Question about 1995 Chevrolet Camaro
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Posted on Jan 02, 2017
SOURCE: 1995 Camaro 3.4L V6
The 3.4's and 3.1's have a known issue with the intake manifold gaskets. These gaskets aren't really considered "high" quality in any respect. This may not be the exact problem but I'll tell you this much. I had a 3.1 in an Olds and went through three of them in a month. I finally said the heck with it and started my search. A company out of California made a stainless steel and rubber gasket set for the entire top end, except for the head gaskets. We put the new intake manifold gaskets in and vwala, everything was grand. Didn't have a single problem after that.
If your mechanic has some decent connections; they should be able to find the same kit if you're experiencing the same problem as me. My kit was over $200, but still better than forking out $80 for a kit that I would be paying to replace again and again. Not to mention labor costs also.
I'd definitely take the car back and ask them if they will repair it. If it's leaking where they fixed it; they should fix that problem for free. And if you got a GM stock replacement, I know for a fact that all GM stock replacement parts (other than major wear items) have a defect warranty for resellers. So, they can get the money back from the part or get a free replacement if it's a factory defect.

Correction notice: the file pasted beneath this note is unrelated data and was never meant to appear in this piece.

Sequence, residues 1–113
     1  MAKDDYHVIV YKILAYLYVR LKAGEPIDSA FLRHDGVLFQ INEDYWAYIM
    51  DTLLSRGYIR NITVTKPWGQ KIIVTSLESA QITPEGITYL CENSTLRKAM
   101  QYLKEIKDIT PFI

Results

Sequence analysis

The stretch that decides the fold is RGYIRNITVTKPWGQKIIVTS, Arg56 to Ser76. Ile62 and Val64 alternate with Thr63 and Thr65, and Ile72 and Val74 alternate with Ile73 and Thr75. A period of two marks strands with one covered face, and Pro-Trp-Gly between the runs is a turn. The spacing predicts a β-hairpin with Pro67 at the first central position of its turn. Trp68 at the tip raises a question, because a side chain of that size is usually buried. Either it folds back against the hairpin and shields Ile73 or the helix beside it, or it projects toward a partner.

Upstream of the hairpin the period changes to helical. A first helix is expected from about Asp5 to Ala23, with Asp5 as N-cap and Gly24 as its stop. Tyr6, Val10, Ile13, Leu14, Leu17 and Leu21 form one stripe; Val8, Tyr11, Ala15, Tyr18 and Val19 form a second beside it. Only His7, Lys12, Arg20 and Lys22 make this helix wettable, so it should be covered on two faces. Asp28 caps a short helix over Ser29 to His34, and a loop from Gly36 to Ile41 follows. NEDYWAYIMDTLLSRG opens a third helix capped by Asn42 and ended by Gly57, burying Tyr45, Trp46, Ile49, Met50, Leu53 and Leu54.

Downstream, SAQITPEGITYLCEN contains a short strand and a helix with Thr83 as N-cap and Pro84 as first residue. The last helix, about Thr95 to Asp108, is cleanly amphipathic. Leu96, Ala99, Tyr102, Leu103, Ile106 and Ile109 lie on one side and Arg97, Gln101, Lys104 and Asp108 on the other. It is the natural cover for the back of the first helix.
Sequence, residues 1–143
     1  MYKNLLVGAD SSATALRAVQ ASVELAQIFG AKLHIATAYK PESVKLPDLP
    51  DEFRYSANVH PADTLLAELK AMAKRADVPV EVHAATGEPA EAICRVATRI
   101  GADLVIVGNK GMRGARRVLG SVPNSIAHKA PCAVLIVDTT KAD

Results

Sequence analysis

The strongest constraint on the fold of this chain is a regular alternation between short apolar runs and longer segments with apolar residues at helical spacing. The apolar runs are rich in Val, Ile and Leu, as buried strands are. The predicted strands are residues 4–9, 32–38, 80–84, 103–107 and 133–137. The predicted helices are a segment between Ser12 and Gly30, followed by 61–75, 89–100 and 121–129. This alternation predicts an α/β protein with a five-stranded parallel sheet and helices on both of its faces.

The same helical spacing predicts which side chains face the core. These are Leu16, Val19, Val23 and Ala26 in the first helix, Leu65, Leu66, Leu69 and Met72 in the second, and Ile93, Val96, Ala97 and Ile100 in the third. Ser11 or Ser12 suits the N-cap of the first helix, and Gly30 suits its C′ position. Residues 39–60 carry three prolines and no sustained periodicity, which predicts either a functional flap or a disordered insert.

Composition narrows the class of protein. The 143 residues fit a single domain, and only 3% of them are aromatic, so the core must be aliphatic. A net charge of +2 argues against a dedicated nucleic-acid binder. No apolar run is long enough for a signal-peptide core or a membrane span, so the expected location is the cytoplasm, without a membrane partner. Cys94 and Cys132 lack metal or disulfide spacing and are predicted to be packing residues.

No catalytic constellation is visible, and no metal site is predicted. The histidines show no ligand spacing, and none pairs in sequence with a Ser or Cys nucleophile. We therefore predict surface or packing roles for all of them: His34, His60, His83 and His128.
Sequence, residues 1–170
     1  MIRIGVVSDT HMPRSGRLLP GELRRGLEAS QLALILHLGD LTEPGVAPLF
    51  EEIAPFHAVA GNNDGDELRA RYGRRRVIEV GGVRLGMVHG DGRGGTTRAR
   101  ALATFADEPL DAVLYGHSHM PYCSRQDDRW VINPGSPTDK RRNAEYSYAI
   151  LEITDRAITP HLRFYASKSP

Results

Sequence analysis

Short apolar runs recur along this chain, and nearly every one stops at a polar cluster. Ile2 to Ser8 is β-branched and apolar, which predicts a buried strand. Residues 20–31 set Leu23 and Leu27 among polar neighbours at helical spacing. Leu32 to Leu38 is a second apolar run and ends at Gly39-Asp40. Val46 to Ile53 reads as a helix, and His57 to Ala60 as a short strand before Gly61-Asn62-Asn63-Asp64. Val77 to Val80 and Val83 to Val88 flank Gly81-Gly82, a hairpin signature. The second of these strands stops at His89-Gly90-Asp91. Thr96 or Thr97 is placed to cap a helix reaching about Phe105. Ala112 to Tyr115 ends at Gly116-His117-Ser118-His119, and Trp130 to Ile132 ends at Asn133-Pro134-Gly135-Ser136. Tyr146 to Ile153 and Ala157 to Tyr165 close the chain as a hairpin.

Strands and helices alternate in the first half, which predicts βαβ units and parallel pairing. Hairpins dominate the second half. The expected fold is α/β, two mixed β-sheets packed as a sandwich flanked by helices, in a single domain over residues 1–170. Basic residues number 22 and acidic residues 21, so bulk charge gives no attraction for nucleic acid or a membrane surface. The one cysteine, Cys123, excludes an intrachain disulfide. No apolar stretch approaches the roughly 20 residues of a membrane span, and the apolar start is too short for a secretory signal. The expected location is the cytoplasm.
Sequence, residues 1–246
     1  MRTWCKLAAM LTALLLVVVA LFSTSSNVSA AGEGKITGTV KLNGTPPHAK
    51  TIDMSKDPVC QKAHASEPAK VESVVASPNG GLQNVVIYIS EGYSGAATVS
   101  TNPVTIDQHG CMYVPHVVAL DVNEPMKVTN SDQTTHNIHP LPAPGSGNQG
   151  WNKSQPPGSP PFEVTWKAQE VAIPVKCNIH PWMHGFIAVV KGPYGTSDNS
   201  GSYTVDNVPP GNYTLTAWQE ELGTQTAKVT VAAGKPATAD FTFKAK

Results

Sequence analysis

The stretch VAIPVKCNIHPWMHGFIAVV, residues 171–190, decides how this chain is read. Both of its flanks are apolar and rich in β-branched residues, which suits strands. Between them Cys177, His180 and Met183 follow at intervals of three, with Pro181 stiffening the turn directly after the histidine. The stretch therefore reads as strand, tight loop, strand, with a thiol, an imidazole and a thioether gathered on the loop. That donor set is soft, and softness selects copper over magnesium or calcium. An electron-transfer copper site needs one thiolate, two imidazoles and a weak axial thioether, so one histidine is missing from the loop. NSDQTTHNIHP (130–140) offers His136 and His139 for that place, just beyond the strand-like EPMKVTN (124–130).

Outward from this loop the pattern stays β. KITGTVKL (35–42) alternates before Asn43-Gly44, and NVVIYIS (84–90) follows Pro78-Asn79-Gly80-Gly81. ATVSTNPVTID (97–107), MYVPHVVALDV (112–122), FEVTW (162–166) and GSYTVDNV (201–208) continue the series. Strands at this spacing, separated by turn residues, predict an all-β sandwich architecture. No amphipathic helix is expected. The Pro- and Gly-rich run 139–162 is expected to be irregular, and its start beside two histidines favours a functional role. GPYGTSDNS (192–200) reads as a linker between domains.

I hope this helps you out bud. By the way, the `90's Camaro's are killer!
Posted on Sep 17, 2008
there is not a way to not affect the valve timing, the cam belt must be replaced in a repair like this, when u put it back together you must reset and confirm all the valve timing marks are in correct alignment, just no way way around this, if the cam is timed right the engines ignition timing is correct as well and will require no adjustment. this answer applies to all engine that use a cam drive belt.
Posted on Aug 13, 2009
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